Fri

12

Apr

2013

THE MASTERS: WHAT THE SECOND ROUND LEAD MEANS

GETTING READY FOR MOVING DAY

 

Yesterday we took a look at what the first round lead has meant over the last 11 years. We discovered that first round leaders are in the top 10 over 50% of the time after round three. In other words, if your guy is in the lead after round one, you could be optimistic for an exciting weekend. 

 

Not surprisingly, it gets even better even if a player is leading after the second round. Nine of the 15 players with the lead (or tied) after the second round are in the top 10 after round 3 (i.e. 60% of the time). 33% of the time, the player with the second round lead wins or is in the playoff. 

2002 - 2012: Masters Round Two Leaders and final results [click to enlarge]
2002 - 2012: Masters Round Two Leaders and final results [click to enlarge]

So you may be feeling confident if your guy has the second round lead.

 

We also considered players in the top 10 after round 2. Over the past 11 years (as mentioned yesterday, we chose from 2002 from when the significant changes to the golf course at Augusta National), there have been 133 players within the top 10 (or tied). 52.6% of the time, that player will also finish the tournament in the top 10. That's pretty good odds. If your guy is in the top 10 after the second round, historically that player is a coin flip to finish in the top 10. Not bad.

 

 

WHERE DOES THE CHAMPION COME FROM?

 

Alternatively, let's look at the past Masters champions to see where they come from.

 

2002 - 2012: Masters Champions and Playoff Participants standings after each round [click to enlarge]
2002 - 2012: Masters Champions and Playoff Participants standings after each round [click to enlarge]

 

This chart looks a bit more dramatic. It is difficult to come from behind at the Masters.

 

Only one player has ever come from outside the top 10 after the second round to win the Masters over the past 11 years. That was Charl Schwatzel in 2011 in in that case he was not far off in 12th place after the second round and only one stroke from T7th. 


Len Mattiace in 2003 came from the pack to get into a playoff. That year, Mattiace was 9 strokes off the second round leader and the ultimate Champion Mike Weir. Mattiace had to shoot a 65 on Sunday to get into the playoff and ended up sitting around for an hour before the playoff and double bogeying the first playoff hole.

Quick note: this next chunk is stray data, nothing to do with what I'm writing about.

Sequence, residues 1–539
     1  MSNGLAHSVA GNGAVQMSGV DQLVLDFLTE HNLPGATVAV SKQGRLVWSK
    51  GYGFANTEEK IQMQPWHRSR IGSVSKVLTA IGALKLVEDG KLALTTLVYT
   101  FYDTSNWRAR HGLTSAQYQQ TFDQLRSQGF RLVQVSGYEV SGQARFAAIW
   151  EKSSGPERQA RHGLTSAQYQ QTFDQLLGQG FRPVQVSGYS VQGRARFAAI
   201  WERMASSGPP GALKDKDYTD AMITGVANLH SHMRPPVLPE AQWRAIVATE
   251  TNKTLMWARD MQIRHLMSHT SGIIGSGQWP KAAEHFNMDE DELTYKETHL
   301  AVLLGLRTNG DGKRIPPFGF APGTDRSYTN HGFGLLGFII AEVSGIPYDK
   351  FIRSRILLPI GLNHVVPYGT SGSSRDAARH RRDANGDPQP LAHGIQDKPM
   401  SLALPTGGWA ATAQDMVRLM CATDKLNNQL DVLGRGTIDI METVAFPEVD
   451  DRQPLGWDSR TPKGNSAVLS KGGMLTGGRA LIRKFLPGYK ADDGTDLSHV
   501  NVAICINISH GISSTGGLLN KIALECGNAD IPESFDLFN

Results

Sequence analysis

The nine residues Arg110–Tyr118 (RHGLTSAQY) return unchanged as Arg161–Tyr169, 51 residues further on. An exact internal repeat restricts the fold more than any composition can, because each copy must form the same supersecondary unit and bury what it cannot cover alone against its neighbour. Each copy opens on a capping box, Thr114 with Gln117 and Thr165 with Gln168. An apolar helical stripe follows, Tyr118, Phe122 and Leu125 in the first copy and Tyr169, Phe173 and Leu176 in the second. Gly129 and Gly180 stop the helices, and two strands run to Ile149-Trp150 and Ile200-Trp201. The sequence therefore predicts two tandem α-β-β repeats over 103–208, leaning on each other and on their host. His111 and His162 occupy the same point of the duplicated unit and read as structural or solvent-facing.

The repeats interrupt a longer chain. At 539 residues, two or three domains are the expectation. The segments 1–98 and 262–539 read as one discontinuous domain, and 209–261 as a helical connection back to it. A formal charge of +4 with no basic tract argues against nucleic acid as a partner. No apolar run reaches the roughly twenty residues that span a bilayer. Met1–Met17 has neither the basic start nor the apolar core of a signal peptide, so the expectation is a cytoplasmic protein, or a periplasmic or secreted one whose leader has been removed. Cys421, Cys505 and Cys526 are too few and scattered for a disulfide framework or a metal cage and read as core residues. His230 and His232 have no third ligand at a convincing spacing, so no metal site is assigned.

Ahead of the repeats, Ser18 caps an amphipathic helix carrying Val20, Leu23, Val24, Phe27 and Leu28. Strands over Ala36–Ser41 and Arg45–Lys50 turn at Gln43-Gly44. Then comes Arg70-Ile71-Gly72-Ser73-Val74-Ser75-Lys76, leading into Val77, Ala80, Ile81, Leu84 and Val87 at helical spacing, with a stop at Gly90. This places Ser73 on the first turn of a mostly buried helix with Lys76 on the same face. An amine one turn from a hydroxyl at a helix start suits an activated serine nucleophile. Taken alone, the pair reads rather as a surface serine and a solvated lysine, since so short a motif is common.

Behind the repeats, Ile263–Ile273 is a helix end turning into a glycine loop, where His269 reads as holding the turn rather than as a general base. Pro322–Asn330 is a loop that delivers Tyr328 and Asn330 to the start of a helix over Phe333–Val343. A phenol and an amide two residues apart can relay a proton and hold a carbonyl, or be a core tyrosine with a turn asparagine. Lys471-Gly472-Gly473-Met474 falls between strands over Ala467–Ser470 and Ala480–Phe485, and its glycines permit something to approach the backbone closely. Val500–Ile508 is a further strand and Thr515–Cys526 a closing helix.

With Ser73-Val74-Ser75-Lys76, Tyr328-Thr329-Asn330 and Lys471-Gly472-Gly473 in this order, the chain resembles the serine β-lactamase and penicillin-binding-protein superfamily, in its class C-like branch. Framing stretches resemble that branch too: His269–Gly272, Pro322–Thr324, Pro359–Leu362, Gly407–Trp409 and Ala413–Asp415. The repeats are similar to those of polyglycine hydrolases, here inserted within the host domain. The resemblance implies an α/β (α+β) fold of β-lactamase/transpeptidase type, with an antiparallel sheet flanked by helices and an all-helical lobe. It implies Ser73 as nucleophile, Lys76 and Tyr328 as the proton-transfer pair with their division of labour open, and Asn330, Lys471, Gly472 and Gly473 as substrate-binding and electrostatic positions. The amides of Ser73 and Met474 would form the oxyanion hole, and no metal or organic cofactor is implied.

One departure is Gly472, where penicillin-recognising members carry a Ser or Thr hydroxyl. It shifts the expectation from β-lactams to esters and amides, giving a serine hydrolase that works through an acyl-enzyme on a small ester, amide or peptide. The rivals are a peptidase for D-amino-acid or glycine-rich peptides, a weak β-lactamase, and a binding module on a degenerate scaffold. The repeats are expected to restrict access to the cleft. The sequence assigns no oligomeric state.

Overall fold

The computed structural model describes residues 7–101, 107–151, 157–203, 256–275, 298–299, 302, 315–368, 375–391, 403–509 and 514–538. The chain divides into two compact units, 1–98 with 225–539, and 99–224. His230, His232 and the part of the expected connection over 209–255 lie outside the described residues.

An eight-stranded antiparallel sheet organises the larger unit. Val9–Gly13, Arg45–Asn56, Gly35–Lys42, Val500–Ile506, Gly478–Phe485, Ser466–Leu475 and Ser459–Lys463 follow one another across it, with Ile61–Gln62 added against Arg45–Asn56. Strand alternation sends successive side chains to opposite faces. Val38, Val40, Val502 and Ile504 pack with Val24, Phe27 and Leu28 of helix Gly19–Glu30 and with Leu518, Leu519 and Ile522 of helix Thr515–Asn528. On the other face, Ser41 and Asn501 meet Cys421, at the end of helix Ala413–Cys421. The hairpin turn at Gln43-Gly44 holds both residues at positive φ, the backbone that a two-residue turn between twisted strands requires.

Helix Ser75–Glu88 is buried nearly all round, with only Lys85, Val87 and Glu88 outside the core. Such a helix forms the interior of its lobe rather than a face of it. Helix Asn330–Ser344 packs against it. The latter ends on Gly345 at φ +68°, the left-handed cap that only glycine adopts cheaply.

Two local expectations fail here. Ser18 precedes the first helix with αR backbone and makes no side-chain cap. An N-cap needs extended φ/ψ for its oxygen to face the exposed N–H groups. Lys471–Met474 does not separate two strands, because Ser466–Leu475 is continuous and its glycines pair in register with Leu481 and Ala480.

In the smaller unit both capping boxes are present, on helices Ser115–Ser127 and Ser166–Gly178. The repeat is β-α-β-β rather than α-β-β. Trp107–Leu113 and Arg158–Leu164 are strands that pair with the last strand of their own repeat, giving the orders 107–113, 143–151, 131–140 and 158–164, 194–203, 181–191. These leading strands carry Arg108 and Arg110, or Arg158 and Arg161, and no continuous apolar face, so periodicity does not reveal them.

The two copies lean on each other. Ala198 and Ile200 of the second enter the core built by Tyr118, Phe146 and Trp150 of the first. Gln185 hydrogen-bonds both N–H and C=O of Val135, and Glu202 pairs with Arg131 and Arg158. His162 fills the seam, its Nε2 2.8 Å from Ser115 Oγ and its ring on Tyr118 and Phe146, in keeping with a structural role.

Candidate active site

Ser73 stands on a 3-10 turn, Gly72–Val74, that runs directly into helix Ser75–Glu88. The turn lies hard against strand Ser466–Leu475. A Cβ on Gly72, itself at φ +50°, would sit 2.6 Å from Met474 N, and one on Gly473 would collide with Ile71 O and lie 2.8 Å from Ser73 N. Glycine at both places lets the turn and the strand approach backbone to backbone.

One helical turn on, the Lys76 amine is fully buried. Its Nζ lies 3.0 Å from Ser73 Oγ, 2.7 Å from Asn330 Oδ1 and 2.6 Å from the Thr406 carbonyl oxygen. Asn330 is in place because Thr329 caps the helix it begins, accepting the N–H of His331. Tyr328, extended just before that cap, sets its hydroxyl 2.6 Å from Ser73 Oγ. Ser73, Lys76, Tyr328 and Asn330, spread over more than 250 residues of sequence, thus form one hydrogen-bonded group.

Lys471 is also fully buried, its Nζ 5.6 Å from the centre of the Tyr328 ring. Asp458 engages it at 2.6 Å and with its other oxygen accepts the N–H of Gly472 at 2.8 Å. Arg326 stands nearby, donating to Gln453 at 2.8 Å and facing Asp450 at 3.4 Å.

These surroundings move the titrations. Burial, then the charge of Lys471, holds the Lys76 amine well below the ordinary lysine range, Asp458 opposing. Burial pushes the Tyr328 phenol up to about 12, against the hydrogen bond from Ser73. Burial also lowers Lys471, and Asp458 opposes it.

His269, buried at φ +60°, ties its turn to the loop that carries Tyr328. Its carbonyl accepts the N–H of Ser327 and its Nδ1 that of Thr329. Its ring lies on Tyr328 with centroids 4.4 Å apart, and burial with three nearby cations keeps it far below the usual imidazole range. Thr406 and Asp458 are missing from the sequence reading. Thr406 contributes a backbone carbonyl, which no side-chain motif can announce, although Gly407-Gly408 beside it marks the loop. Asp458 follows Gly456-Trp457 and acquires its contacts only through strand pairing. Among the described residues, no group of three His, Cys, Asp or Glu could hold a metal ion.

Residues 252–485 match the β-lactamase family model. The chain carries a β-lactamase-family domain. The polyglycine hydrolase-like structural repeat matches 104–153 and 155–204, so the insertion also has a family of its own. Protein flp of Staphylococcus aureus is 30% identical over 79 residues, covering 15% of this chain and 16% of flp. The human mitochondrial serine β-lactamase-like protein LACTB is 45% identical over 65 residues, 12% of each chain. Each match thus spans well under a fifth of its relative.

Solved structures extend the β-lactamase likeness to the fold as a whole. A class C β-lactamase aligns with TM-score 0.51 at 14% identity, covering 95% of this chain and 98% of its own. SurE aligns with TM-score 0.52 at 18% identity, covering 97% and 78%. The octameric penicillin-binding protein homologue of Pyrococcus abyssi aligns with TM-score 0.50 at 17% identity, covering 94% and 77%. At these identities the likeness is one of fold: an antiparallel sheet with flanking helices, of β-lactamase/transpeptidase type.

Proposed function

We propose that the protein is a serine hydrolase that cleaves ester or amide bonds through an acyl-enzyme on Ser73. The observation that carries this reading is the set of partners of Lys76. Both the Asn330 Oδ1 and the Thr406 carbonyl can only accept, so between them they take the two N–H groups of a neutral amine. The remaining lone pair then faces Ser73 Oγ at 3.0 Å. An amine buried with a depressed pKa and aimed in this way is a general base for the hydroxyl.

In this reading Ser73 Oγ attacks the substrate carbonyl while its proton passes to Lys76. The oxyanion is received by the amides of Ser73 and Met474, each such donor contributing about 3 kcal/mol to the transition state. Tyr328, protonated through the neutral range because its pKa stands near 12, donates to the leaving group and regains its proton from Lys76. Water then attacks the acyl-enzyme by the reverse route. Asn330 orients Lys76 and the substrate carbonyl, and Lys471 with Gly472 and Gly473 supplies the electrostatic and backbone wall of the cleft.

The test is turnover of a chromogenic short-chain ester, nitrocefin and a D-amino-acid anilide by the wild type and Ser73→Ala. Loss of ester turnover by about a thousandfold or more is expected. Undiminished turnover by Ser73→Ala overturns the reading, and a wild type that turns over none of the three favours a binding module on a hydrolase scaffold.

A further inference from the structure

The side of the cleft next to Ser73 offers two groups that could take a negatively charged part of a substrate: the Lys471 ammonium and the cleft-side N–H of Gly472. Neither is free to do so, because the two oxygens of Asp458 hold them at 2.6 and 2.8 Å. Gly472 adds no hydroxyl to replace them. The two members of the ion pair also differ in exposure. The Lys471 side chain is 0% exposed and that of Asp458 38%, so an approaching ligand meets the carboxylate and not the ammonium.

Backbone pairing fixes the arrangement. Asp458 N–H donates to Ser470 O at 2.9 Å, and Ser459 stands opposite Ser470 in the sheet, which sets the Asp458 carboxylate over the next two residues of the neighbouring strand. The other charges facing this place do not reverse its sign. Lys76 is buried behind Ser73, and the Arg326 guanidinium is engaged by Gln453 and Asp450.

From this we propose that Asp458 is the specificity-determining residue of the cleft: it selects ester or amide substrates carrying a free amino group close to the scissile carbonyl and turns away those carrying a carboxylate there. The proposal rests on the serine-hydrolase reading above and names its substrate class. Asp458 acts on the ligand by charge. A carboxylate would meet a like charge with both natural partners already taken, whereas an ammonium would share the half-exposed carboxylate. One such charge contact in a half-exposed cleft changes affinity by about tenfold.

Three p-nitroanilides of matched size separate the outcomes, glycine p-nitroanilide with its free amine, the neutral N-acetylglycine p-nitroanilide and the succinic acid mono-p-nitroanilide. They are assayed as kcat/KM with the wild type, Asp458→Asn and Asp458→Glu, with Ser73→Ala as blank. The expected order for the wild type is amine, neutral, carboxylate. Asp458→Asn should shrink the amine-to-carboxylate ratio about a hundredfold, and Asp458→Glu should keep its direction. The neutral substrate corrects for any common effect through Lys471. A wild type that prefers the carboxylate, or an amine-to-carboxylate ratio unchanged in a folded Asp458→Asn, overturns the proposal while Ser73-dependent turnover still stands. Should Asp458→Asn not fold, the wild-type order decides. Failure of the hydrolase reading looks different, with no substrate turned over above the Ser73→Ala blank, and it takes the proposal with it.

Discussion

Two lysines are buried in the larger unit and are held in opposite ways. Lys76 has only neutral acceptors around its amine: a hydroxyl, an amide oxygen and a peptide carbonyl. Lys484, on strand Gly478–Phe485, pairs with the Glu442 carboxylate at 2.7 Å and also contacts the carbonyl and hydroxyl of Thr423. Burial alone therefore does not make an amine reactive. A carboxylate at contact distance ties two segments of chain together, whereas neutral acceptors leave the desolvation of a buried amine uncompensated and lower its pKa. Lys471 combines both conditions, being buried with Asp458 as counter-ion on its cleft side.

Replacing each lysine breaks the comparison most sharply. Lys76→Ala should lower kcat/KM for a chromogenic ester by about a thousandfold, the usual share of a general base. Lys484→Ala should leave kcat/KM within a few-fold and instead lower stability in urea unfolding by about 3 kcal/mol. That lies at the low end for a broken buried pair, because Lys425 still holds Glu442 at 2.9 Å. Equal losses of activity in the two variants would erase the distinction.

THE IMPORANCE OF MOVING DAY

 

Thanks to Jimmy Fallon and Stephen Colbert (channeling Rebecca Black), we learned that indeed Saturday comes after Friday. It's important. Moving day is key at the Masters because the winner almost always comes from the top of the leaderboard. As much as we love to hear the roars over the back nine, winners have not come out of the pack in recent years. 

 

In 9 of the past 11 years (82% of the time), the Masters champion has been in first or second place after round three. It would be interesting to compare this to a normal tour event.

 

It's not easy to make a move on Sunday if you are in the pack. Since 2002, only 23 players from outside the top 10 after the third round have finished in the top 10 (120 players). In other words, on average less than 20% of the top ten finishers come from outside the Saturday top 10.

 

Obviously, it is even harder if not impossible to make a move from the pack on Sunday. It's been 8 years since a player from outside the top 10 after the third round has managed to finish as high as 3rd. That was Retief Goosen -- altough in 2005, he was still 7 strokes from making the playoff with Tiger Woods and Chris DiMarco. 

 

However, all hope is not lost. There is some truth to the idea of Saturday being "moving day". There has been more movement from Friday to Saturday in the past 11 years than on Sunday. Of the 135 third round players in the top 10 (and ties) from 2002, 54 came from outside the top ten after the second round. A much better 40% of the time you can make the move on Saturday into the top 10 compared to the tougher 20% Sunday. 

 

Even so, it is still difficult to make that big move on Saturday from outside the top 10 to a position to win. Since 2002, a paltry 7 players have managed to get from outside the top 10 after Friday into 4th place or better for the fourth round tee off. As noted above, it is critical to be in the last couple of groups to win the Masters.

 

 

TWO CONLCUSIONS

 

1. Moving Day on Saturday is not just a saying ... it's critical


History shows us that you have to make your move Saturday of you want to contend for the green jacket. If you are in the top 10 after Friday, you need to move into 4th or better by the end of Saturday. If you are outside the top 10, it is an uphill battle and you really need to make a big move Saturday. It is possible as Charl Schwarzel (2011) and Len Mattiace (2003) showed, but it is an uphill battle.

 

2. Don't forget to go shopping for your pimento cheese sandwich ingredients

 

Despite PimentoGate and the controversy with this year's pimento cheese sandwiches at Augusta, you can still make as close to the authentic as possible. Don't forget to check out the most comprehensive Masters pimento sandwich recipe test ever.

 

While your at it, pick up some lemons and tea for a homemade Arnold Palmer too

 

Douglas Han

@theteesheet